This week in politics

Lee Molefi

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Here we are again. It’s Friday. Welcome. As a parting gift for the week that was, we present to you a review of the past five days and three key events that have captured our imagination or sparked a renewed sense of urgency, conversation or debate in the state of our nation.  President Zuma to […]

Here we are again. It’s Friday. Welcome.

As a parting gift for the week that was, we present to you a review of the past five days and three key events that have captured our imagination or sparked a renewed sense of urgency, conversation or debate in the state of our nation.

 President Zuma to come out

South African President Zuma delivers his State of the Nation address at Parliament in Cape Town


1. The presidency and parliament have announced that Jacob Zuma will appear before the national assembly to field questions from the opposition (probably on Nkandla) on March 11 2015. The DA, EFF and other opposition parties have welcomed the announcement. Yay for democracy! This begs the question: will the EFF spare us a chorus of “pay back the money” chanting at the State of The Nation address on February 12? Stick with us and our Live From Parliament team we’ll bring you all the coverage you need.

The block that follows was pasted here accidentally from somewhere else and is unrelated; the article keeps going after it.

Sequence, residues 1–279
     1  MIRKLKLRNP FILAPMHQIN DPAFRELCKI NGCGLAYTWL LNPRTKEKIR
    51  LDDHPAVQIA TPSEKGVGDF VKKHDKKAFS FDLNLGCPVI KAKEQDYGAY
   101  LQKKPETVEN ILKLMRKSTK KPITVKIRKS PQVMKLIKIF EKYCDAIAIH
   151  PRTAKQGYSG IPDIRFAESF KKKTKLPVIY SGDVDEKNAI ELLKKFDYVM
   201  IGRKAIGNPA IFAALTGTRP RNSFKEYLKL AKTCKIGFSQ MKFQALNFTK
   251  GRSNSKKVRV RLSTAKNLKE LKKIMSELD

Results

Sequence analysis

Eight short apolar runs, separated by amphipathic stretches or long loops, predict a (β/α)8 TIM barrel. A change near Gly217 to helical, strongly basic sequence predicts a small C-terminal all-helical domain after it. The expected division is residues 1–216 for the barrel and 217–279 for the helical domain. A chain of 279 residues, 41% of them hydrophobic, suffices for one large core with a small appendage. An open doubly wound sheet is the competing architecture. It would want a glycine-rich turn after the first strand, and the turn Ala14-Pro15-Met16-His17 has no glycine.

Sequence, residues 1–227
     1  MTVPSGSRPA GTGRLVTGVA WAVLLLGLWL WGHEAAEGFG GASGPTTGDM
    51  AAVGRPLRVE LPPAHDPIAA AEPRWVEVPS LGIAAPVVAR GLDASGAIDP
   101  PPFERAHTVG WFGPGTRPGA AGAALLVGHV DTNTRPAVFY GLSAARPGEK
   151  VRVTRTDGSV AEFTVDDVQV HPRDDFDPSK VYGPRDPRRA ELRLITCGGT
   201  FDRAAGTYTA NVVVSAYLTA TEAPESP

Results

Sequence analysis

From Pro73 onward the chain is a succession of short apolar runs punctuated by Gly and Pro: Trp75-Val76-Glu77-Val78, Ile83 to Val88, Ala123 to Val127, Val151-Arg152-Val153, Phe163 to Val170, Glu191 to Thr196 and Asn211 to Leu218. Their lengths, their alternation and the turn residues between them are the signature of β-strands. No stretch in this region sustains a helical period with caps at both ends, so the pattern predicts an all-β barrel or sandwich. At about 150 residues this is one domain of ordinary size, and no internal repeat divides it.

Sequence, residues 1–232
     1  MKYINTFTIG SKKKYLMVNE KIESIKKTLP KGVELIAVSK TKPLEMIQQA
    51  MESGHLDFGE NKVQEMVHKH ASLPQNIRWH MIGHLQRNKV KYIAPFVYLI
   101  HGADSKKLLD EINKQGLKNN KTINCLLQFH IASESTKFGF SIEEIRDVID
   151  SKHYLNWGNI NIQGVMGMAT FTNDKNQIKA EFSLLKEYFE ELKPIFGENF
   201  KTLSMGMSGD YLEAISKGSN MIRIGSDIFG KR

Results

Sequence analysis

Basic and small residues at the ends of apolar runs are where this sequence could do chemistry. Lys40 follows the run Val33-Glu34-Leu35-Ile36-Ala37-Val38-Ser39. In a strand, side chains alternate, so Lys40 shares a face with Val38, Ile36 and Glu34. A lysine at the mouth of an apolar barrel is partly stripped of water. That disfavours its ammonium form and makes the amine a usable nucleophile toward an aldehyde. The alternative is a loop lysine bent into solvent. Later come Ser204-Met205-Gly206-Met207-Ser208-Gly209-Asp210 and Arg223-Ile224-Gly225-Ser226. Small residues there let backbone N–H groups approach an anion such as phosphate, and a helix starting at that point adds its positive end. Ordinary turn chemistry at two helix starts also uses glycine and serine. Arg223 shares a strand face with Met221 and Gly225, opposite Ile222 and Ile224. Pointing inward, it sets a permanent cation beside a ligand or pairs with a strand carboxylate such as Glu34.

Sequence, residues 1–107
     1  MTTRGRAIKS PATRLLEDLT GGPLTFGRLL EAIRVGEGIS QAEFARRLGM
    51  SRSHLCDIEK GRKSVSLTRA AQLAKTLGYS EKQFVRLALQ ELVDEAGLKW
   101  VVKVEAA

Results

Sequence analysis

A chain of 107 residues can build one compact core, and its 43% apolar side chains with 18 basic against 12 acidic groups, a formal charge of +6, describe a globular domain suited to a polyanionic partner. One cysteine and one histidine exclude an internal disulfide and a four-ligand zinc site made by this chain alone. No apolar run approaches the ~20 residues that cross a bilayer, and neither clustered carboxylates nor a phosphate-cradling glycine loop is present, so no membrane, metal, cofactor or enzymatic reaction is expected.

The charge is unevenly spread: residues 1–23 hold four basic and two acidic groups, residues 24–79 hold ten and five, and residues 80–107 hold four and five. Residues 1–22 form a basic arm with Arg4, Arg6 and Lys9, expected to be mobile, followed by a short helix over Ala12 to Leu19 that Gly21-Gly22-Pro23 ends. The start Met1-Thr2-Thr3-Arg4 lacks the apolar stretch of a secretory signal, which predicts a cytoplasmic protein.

2. The media vs. The media



vukani mde


Sometimes politics has little to do with politicians and more to do with the people that analyse, interpret and disseminate the words and philosophies of our elected representatives: the media. The political leanings and (perhaps) shifting form of South African media came into focus this week as the boardroom make-up, editorial ownership and racial dynamic of South African media was sharply debated over by some of the country’s most experienced and respected journalists. Firmly in one corner stood columnist Eusebius McKaiser, Independent Newspapers Group Editor Karima Brown and Indepenedent Newspapers Group Editor of Opinion and Analyis Vukani Mde. On the other end of the intellectual war stood City Press editor Ferial Haffajee and Daily Maverick associate editor Marianne Thamm, supported by veteran anti-apartheid journalist Max du Preez.